When I say we need more critics, what I mean is that we need more people generating the kind of writing about theatre I've outlined above. I would love it if at every show I went to see, I was handed a critical essay along with the ticket and program that would actually engage me in the work in a way that I might not be if I just saw the work on its own. I would surmise that if this kind of writing was provided to reviewers, in addition to the company bios and flashy photos that normally pad a press-kit, we might also see a reduction in bad reviews as it would improve their understanding of what they are seeing. I would also suggest that this would be a considerably more effective tactic in dealing with the phenomenon of bad reviews than banning reviewers from seeing our shows. There have been a few companies that have tried this in the past and it hasn't worked. If a publication wants a journalist to cover a show, they'll get them in the door one way or another, even if it means having them pay for a ticket rather then getting them a media comp or having them go in disguise as Kate Taylor used to when she attended shows at companies that had banned her.

Ultimately, unless you're producing work for a large company that has a huge budget for marketing, you need to get reviews of your work as they are the primary means of reaching your audience. Rather than hate the reviewers, try to work with them by providing them with as much information as possible about your work and the context in which you are working, assuming they haven't gone to the trouble to do this themselves. Find a critic to generate this material and include it in your press kit. Have your publicist follow-up with them to ask if they had questions about the piece or found things confusing and offer to talk to them about it. And perhaps most importantly, don't hate them. Reviewers are just doing a job that they get paid for which, by the way, is the lowest paying form of journalism. It's not going to guarantee that you'll never have a bad review of your work, but at the very least it will ensure that you won't have a bad review simply because the person writing your show doesn't have a fucking clue what they are talking about. And if we can, at the very least, avoid those kinds of the reviews it's worth the effort.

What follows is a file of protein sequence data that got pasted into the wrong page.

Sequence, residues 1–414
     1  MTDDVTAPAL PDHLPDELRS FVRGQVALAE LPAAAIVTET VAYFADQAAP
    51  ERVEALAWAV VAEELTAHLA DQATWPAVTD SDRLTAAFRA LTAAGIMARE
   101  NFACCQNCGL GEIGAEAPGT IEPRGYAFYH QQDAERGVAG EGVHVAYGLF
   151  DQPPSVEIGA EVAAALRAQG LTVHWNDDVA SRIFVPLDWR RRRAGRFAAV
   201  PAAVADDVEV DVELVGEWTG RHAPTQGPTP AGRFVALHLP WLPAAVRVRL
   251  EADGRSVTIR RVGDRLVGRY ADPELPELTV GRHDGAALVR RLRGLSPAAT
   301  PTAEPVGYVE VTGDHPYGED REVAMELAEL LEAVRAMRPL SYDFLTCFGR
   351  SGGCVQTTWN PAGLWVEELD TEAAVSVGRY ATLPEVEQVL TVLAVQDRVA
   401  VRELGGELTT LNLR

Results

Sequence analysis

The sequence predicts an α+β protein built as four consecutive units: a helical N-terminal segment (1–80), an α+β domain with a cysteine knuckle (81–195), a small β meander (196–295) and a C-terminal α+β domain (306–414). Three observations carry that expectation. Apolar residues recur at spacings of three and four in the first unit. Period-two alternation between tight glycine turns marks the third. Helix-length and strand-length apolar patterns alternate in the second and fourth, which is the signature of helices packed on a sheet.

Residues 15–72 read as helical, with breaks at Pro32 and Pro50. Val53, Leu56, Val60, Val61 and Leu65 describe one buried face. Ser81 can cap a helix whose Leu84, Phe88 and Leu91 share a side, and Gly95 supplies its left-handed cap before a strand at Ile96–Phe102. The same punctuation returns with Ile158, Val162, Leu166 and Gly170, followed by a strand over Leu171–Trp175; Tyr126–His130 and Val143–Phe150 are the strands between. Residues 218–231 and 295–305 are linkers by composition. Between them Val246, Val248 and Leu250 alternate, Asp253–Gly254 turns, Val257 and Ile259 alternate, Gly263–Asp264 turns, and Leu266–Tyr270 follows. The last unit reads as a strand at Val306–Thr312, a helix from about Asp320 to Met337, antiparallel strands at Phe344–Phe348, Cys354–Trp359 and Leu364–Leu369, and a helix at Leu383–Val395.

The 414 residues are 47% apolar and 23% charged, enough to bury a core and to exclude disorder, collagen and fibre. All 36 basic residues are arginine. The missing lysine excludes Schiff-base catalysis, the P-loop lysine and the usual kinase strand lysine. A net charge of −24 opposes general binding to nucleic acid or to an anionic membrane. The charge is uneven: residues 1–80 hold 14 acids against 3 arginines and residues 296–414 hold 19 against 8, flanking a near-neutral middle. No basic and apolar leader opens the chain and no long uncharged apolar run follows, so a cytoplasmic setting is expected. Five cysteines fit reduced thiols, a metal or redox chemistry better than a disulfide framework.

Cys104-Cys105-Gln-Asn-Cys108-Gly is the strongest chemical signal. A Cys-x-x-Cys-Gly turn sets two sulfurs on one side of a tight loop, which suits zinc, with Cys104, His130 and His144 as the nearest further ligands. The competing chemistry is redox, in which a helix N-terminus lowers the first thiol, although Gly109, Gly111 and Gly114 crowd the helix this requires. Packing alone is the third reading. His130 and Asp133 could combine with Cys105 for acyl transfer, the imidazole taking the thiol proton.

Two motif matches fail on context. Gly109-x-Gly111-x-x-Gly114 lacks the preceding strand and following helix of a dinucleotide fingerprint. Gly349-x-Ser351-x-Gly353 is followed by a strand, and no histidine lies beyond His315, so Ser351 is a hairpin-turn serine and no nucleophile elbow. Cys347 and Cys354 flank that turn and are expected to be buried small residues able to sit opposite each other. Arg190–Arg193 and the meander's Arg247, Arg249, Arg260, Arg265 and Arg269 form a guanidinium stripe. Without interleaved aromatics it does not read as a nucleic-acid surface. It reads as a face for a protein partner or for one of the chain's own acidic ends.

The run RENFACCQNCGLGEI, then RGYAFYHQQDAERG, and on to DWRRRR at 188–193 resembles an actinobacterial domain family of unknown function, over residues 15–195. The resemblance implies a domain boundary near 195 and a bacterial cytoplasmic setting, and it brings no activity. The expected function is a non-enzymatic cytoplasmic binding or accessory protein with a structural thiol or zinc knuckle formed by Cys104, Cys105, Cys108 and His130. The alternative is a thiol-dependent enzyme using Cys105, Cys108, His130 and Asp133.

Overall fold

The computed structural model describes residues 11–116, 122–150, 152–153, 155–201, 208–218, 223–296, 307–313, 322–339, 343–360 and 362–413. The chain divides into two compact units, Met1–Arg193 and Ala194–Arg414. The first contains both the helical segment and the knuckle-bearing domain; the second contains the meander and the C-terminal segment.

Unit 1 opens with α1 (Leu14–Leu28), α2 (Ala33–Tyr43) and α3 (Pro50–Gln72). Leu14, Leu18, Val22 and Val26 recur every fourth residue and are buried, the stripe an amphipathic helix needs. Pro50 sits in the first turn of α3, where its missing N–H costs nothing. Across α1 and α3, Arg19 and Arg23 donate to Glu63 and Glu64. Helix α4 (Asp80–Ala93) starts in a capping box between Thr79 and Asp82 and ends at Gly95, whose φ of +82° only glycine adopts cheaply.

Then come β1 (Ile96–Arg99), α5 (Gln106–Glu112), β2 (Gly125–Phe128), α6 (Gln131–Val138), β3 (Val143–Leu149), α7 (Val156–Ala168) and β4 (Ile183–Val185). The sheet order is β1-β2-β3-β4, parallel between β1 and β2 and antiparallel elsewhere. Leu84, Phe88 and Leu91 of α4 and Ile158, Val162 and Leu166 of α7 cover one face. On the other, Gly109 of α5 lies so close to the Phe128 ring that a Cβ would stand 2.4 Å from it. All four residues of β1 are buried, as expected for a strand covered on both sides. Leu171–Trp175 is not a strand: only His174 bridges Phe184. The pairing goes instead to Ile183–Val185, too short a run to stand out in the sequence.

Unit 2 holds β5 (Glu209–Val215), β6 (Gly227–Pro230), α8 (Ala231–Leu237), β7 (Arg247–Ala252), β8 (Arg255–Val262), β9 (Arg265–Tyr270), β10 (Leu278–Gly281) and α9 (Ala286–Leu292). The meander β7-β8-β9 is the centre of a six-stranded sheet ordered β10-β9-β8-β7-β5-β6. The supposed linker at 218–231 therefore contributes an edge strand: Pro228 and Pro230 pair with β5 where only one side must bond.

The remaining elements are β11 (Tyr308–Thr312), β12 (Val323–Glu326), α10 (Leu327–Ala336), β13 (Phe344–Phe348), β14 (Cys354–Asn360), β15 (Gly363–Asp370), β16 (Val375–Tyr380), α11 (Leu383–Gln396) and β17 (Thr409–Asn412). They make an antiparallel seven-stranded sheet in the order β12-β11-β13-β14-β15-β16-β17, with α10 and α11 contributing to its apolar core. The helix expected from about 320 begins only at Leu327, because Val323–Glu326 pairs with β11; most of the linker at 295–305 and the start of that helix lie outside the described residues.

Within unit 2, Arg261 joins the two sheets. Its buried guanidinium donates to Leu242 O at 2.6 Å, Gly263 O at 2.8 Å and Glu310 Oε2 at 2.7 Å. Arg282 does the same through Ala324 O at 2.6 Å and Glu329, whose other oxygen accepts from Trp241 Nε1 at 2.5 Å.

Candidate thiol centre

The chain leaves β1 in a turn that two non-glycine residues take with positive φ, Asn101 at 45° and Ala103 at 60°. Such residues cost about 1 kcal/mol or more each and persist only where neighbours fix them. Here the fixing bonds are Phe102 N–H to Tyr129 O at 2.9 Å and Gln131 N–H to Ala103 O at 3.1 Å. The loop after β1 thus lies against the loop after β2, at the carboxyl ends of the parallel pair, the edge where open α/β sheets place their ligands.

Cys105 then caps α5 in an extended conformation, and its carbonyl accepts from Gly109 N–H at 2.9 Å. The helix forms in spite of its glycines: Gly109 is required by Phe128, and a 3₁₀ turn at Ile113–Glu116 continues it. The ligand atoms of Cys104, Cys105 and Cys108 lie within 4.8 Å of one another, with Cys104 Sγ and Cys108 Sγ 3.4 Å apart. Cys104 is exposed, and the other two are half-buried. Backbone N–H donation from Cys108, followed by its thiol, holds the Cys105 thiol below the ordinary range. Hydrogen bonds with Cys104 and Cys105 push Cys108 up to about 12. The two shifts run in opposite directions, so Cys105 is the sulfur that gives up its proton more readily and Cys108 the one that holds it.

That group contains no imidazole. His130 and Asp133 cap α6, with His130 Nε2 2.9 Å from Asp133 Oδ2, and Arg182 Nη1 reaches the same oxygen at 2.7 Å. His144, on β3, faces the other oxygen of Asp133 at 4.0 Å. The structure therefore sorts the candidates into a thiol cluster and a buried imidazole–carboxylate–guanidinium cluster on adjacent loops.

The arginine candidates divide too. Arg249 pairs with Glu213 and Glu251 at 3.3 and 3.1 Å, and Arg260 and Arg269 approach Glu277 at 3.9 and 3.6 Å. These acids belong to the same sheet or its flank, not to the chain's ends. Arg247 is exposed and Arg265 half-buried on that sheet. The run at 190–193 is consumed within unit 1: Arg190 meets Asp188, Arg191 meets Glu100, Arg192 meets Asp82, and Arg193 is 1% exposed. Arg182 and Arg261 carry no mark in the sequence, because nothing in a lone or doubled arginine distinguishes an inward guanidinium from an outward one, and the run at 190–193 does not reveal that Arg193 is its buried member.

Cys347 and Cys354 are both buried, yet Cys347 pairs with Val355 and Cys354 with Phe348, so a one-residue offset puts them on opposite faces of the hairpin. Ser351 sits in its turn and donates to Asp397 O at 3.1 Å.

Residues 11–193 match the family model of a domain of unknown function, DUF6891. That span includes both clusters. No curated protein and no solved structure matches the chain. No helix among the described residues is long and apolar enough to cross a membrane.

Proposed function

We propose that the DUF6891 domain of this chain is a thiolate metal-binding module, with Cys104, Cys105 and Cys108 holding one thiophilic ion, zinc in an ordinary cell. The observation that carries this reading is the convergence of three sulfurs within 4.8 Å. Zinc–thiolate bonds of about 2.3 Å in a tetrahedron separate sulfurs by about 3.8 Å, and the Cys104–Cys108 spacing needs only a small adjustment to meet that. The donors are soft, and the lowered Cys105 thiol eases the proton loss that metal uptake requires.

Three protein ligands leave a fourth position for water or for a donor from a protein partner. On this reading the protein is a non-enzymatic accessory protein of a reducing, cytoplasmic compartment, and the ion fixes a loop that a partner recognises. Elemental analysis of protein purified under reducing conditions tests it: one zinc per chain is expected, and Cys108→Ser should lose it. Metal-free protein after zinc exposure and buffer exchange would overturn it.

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Marty Bragg is Leaving Canadian Stage



Artistic Producer Martin Bragg to leave after 2008-2009 season

- Statement from Martin Bragg, Artistic Producer, The Canadian Stage Company -

I am announcing today that our upcoming 2008-2009 season – my 17th with The Canadian Stage Company – will be my last. My current contract with the Company expires in June 2009, and I have informed the Board of Directors that I will not be seeking a renewal.

After more than a decade and a half of great artistic achievement, and times of prosperity and challenge, I have decided that it is time for me to turn the keys over to new leadership. I have been very fortunate to have forged many treasured relationships with this Company and, for that, I will be forever grateful.